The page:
A strapline to succinctly summarise your proposition helps new audiences find you and identifying ‘pillars of messaging’, including tone of voice, will help guide consistency in communications. These should also be incorporated into your Brand Guidelines.

According to Forbes, ‘Brands are built through the consistent delivery of the brand promise through all stakeholder touch points’***

Can a brand evolve?

In short, yes! If you feel your brand no longer accurately represents your business proposition, then a brand update may be required. This should be considered carefully as a lot of time and effort has likely gone into building your existing brand.

There are varying levels of evolving a brand. A simple brand refresh might be all that’s needed. A tweak of the logo, an injection of a new complimentary colour and updated strapline could help elevate both the visuals and messaging effectively.

It can be tempting to follow current design trends, but it is important to stay true to your values and proposition to ensure longevity.

In some cases, a brand refresh doesn’t go far enough. If your business has evolved so far from its original beginnings and your company name is now misrepresentative of your offering, for example, a complete overhaul may be called for. To do this, it is important to put aside budget to actively communicate the change to existing and prospect customers. Understand that you will need to reinvest time in building brand awareness. And understand that this takes time and requires consistency of delivery.

Recently, we were asked to create a fresh brand identity for international food trading company Circle Foods. Their previous brand was focused around the international trading of meat products, so a brand overhaul was required to encompass their complete range of foods.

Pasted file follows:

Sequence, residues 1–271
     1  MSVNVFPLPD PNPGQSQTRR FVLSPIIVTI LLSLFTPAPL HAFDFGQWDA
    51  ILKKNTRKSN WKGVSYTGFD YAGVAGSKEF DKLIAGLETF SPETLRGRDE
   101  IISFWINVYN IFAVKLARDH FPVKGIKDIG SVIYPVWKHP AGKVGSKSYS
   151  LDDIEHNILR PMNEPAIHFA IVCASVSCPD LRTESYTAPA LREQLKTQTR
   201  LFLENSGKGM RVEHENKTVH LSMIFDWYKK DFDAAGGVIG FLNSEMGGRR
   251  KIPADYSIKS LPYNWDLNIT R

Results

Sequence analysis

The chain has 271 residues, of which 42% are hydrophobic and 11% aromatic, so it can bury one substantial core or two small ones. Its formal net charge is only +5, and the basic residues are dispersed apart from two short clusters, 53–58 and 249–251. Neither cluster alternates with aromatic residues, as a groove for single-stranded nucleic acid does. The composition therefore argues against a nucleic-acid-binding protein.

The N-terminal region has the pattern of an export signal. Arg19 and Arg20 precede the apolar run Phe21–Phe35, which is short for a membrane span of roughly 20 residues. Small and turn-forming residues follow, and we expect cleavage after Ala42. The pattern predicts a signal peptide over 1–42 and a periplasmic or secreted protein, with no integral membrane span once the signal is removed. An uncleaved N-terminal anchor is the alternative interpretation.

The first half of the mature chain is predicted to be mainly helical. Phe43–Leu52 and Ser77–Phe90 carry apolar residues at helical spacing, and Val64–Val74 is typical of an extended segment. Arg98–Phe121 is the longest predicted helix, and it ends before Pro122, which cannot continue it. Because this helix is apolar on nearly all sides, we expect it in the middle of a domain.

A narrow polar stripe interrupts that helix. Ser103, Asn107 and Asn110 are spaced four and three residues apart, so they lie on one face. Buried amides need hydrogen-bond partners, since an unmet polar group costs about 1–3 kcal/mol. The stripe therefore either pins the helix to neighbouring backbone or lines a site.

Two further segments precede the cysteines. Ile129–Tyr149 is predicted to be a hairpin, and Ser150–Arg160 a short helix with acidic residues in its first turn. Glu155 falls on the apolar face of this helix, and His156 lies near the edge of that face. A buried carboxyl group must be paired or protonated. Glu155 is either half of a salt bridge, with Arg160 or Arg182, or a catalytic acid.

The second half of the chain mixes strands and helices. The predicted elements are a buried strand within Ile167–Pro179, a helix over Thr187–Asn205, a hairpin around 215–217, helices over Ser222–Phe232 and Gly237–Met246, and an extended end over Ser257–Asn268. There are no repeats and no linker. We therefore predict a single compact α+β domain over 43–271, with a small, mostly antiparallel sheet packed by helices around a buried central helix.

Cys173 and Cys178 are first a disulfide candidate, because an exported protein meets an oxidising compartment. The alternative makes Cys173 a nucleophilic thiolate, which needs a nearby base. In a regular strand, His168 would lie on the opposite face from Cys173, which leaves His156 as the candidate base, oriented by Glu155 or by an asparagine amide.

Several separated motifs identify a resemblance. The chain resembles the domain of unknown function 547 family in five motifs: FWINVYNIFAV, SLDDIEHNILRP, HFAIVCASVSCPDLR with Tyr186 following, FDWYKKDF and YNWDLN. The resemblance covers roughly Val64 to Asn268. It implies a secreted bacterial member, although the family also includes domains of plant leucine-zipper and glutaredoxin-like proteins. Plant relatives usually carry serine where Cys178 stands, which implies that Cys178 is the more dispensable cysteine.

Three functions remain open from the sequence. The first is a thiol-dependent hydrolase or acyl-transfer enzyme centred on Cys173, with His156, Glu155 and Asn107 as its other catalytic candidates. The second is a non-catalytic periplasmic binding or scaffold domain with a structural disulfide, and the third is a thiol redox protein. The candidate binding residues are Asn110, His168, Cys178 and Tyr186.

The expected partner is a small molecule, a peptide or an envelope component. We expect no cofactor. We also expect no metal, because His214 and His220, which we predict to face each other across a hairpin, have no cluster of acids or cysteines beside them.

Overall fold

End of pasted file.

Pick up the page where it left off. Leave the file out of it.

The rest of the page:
As for our own brand, you will have seen an evolution of #yourmarketingteam throughout our communications. At the beginning of this year, after much thought and deliberation, we decided to update our brand; changing our company name to Your Marketing Team. We felt our name no longer accurately reflected us a team, although our core promise to customers had remained the same.

YMT logos

Sue went into more detail about our rebrand in her blog from earlier this year. Shortly after, our graphic designer Laura revealed the story behind the design of our brand evolution.

Creativity still plays a major role in evolving your brand communications and there are many ways innovative content can be curated and delivered when you have the foundations of a strong brand in place. But ultimately, authenticity and relevance should remain at the very heart of your brand. By delivering this authenticity and relevance consistently throughout all customer touchpoints and communications, you are building awareness of a business that your audience will grow to trust.

* : Creative Review

** : Marketing Week

*** : Forbes

Header image by Nelson Ndongala, UnSplash